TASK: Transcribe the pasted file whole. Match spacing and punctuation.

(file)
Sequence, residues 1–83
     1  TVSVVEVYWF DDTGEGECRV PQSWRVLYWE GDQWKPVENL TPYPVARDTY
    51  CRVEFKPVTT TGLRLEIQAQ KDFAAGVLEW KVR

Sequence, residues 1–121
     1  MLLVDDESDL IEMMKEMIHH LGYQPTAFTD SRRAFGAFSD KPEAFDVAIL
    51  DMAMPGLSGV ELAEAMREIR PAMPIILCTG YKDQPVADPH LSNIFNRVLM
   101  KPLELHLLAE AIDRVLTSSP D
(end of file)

Sequence, residues 1–83
     1  TVSVVEVYWF DDTGEGECRV PQSWRVLYWE GDQWKPVENL TPYPVARDTY
    51  CRVEFKPVTT TGLRLEIQAQ KDFAAGVLEW KVR

Sequence, residues 1–121
     1  MLLVDDESDL IEMMKEMIHH LGYQPTAFTD SRRAFGAFSD KPEAFDVAIL
    51  DMAMPGLSGV ELAEAMREIR PAMPIILCTG YKDQPVADPH LSNIFNRVLM
   101  KPLELHLLAE AIDRVLTSSP D